Posted: November 27, 2019
November 27, 2019
FOR IMMEDIATE RELEASE
Contact: Mary Marx, Director of Marketing & Communications
Chronic knee pain? It may be time for a knee replacement.
Rick Wilkerson, D.O., is Decorah’s newest orthopedic surgeon. With extensive experience in joint replacements, Dr. Wilkerson answers questions about one of the most common procedures: a knee replacement.
Q. Why do people get knee replacements?
A. Typically, chronic knee pain is the result of arthritis (osteoarthritis due to age, rheumatoid arthritis, or post-traumatic arthritis following a serious knee injury). Over time, the cartilage cushioning the bones in the knee deteriorates, causing bone-on-bone friction when the joint moves. This can lead to pain when walking or resting, depending on the severity of the arthritis. A knee replacement, or a knee arthroplasty, is an effective treatment option for chronic knee pain if medication, injections or physical therapy do not provide sufficient relief. There is no “right age” for a knee replacement; recommendations for surgery depend on a patient’s pain level and how it is affecting his/her quality of life. Patients should work with their primary care provider and an orthopedic surgeon to determine the best treatment plan for their needs.
Q. What happens during a knee replacement?
A. Your orthopedic surgeon will replace the deteriorated cartilage and surface bones with a metal implant and plastic spacer to artificially create the space your knee joint needs to move. The surgery is usually performed under spinal, regional or general anesthesia, and takes 1-2 hours. Prior to surgery, patients should complete any needed dental work and be evaluated for urinary infections to reduce the risk of complications.
Q. What is the treatment and recovery?
A. Usually, patients will spend one-two days in the hospital following a knee replacement. During that time, your orthopedic surgeon and inpatient nurses will care for the wound site, help manage post-surgical pain levels, and monitor for infection, blood clots and/or other risk factors. Soon after surgery (in some cases, the same day) physical therapists will begin exercises with you to strengthen your leg and restore knee movement. You will continue these exercises after you leave the hospital, under the on-going care of your physical therapy team. In 4-6 weeks, most patients have returned to their normal abilities, but without pre-surgery pain levels. At one year, you will have reached maximum medical improvement. It is important have realistic expectations of a knee replacement; patients will not be able to do activities they could not do prior to developing arthritis. Patients should also avoid high-impact activities like running, jogging or jumping after surgery to prolong the effectiveness of the knee implant.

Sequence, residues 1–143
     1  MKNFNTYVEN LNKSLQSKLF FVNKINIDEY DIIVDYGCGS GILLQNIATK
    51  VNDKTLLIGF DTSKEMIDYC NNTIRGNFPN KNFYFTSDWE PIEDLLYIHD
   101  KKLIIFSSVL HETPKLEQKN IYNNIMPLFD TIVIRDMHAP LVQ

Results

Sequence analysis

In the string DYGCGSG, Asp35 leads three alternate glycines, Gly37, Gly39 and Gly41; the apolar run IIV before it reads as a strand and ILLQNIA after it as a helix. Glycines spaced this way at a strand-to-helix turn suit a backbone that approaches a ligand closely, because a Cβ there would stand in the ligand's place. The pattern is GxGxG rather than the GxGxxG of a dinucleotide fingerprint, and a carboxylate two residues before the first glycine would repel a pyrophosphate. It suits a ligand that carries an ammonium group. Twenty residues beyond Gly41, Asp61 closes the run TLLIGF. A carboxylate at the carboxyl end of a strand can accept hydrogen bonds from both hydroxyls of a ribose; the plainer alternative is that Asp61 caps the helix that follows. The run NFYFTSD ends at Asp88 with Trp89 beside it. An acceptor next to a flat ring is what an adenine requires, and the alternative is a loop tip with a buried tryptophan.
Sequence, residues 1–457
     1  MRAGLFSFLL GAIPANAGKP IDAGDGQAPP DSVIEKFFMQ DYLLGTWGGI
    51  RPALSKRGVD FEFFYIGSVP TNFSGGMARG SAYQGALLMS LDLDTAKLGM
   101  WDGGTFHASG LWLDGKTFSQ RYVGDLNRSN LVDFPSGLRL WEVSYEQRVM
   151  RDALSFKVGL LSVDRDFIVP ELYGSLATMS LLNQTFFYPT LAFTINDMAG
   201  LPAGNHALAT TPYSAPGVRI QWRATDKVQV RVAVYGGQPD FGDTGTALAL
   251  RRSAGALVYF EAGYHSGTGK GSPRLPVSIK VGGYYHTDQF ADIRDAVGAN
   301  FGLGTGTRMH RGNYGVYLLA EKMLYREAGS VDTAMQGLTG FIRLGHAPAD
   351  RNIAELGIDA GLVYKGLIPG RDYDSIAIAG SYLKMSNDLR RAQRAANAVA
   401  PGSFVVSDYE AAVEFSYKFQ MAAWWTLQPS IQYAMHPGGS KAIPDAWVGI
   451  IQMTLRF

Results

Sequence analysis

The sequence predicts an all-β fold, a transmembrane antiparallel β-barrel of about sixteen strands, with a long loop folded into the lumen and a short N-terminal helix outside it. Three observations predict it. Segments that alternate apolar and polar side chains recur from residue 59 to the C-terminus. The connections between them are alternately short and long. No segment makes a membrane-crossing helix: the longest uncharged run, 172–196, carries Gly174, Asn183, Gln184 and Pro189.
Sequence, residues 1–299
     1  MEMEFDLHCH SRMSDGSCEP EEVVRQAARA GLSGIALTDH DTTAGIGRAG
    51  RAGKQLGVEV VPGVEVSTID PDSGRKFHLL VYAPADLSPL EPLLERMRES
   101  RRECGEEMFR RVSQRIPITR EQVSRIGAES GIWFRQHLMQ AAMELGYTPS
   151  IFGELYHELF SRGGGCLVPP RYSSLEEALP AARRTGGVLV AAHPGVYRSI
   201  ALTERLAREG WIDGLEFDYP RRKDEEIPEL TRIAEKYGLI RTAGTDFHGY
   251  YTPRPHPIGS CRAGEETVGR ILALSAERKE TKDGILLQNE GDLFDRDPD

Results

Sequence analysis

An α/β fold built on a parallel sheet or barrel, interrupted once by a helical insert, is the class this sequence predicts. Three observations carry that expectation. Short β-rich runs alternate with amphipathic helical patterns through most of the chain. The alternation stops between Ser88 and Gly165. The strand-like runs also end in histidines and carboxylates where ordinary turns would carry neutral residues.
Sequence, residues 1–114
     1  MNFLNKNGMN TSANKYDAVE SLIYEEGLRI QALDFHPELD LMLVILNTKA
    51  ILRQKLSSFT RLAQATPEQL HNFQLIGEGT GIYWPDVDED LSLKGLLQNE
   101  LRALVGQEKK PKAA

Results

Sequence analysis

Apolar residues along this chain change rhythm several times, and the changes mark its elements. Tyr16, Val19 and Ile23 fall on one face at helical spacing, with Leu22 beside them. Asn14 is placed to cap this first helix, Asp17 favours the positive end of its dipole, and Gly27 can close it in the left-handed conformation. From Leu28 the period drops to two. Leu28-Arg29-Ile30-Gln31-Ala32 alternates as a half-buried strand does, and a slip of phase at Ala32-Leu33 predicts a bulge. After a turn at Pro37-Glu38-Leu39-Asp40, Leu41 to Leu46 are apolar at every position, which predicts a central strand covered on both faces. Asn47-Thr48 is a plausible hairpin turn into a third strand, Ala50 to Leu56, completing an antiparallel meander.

Make an appointment
Dr. Wilkerson is an experienced, proven orthopedic surgeon who has special interest in joint replacements and sports medicine surgical care. He performs hip, knee and shoulder replacements, all sports medicine procedures including ACL reconstruction surgery, pediatric orthopedic surgery, hand procedures, fracture repair and more. Dr. Wilkerson comes to Winneshiek Medical Center after 30+ years building a successful practice of eight orthopedic surgeons in Spencer, Iowa.
The Winneshiek Medical Center orthopedic practice is supported by the latest in MRI technology, quality skilled care for recovery, and the most specialized physical and occupational therapy practice in the region for successful rehabilitation.
Dr. Wilkerson’s schedule is open and he is accepting new patients at Winneshiek Medical Center. To make an appointment with Dr. Wilkerson, call 563-382-2911.